It has been a month since the KNAER team participated in the 2016 Ontario Education Research Symposium (OERS), and we continue to reflect on the conference, strengthen insights, and investigate new ideas stemming from the conference. The KNAER team was excited to attend and contribute to OERS. This dynamic conference, run by the Ontario Ministry of Education, brings together students, educators, educational leaders, researchers, and policy makers to foster connections, engage in and discuss connections between recent education research, practice, and policy. The theme of the conference this year was “Networking & Partnerships: The Core of Achieving Excellence in Education.” Symposium sessions focused on topics such as networks and partnerships, technology, integrating data for improvement, mathematics, educator stress, youth empowerment, and more. Keynote speakers included Dr. Chris Brown of the London Centre for Leadership in Learning, University College London; Dr. Santiago Rincon-Gallardo, from OISE; Michael Fullan Enterprises; Willa Black, Vice-President Corporate Affairs for Cisco Canada; George Couchie, creator and provider of Native Awareness Training Programs; Dr. Harry Stefanakis, a psychologist and trainer; and Dr. Chris Dede, the Timothy E. Wirth Professor in Learning Technologies at Harvard’s Graduate School of Education.

We were humbled to hear Liz Sandals, the Minister of Education, thank OERS attendees and presenters for our contributions to Ontario’s education system. Key themes originating from presentations and discussions at OERS included the importance of trust, building meaningful connections within networks, leadership, empowerment, and well-being.

minister sandals

The KNAER team was very happy to connect with educators from across Ontario, from schools, school boards, university research teams, and the Ontario Ministry of Education. KNAER contributed to OERS through our booth, the vignette given by Dr. Carol Campbell, and the panel on research to practice networks on which Dr. Katina Pollock was a panelist.

Carol provided a vignette about Ontario’s Teacher Learning and Leadership Program (TLLP), a joint initiative of the Ontario Ministry of Education and Ontario Teachers' Federation to support experienced teachers to undertake self-directed advanced professional development; develop teachers’ leadership skills for sharing their professional learning and exemplary practices; and facilitate knowledge exchange for spread and sustainability of effective and innovative practices. To support educators’ knowledge mobilization, Carol discussed latest findings from her TLLP research (with Ann Lieberman and Anna Yashkina) indicating the importance of teachers reflecting on their own practice, collaborating in groups for collective professional learning, and extending their professional networks in person and online to lead, co-develop, communicate, and apply professional practices and resources to support improvements in teaching and learning.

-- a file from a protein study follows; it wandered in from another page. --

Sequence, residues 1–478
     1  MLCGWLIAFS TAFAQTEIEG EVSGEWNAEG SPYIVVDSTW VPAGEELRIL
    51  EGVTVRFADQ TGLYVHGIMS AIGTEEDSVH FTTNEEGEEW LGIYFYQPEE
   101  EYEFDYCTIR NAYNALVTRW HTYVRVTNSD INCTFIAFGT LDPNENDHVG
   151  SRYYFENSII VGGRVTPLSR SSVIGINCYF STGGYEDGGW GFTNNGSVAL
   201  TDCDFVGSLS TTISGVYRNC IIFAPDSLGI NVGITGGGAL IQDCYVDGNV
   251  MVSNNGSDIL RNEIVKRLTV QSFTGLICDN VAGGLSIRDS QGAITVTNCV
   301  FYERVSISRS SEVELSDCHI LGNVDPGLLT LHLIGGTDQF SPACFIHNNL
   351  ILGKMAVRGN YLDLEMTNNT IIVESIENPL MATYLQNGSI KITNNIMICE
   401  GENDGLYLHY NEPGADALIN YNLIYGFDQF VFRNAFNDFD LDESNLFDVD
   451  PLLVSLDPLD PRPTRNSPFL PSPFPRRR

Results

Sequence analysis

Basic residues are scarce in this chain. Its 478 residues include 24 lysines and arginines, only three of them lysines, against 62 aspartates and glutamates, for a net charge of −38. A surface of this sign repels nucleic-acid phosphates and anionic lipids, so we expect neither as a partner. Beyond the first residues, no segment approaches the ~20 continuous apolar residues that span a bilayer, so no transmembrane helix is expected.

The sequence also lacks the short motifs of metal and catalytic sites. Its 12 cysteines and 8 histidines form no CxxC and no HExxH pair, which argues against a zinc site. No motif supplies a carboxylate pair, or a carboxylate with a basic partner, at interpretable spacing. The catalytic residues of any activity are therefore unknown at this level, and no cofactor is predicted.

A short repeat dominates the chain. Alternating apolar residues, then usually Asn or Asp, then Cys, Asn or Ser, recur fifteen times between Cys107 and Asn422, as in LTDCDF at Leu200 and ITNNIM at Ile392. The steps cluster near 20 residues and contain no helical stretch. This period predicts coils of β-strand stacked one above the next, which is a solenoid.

Katina sat on a panel, entitled Research to Practice Networks. The panel consisted of individuals who are a part of different types of networks, including Dr. Maria Cantalini-Williams from Nipissing University, Dr. Amanda Cooper of Queens University and RIPPLE, Dr. Dragana Martinovic from the University of Windsor and the SURE network, and Michael Johnny of Research Impact at York University. The panel presentation included a lively discussion that made connections to Chris Brown’s keynote presentation earlier in the morning. Katina spoke about the complexity of a systems approach to networking and how the boundaries of these networks are less easy to define. She also acknowledged that while networks operate through informal relationships among people, they nevertheless need some formal structure in order to function well. A challenge Katina pointed to was how to keep the momentum going within the lifetime of a network. This led to a discussion about what strategies are needed to motivate individual stakeholders and organizations that are a part of a network.

panel 3

Visitors to the KNAER booth hailed from across Ontario, including Ottawa, Peel Region, Hunstville, Northern Ontario, the Greater Toronto Area, St Catharines, the Halton region, and London. Institutionally, we connected with researchers from Queens, the University of Ottawa, York, the Ontario Principals Council, Brock University, Wester University, and the University of Toronto. People were excited to learn about the numerous KNAER projects that were funded in the past and are looking forward to learning more about what KNAER has in store for the future.

We are also excited to announce that we will have three blog posts written by OERS attendees in the coming months. We invite people who are new to our website to consider writing a blog post for KNAER and joining our ever growing list of intermediaries.

You can learn more about what people were discussing at OERS by searching for the symposium hashtag #OERS16, on twitter. There was a lot of good discussion and sharing of resources over social media. Participants also created engaging visuals of the events and conversations.

Candace Rempel, an educational researcher from the Halton Catholic District School Board created a great sketch of Chris Brown’s keynote speech.

Sketchnotes by Candace Rempel of keynote by Chris BrownGreg Roussell, a system research leader from the Grand Erie District School board, created the visual (on the right) of the most active twitter users tweeting about #OERS16.

Most active twitter users

Click here for more information about OERS, including summaries of workshops and descriptions of presenters.

And, stay tuned, as more information about KNAER’s next steps will be announced on our website!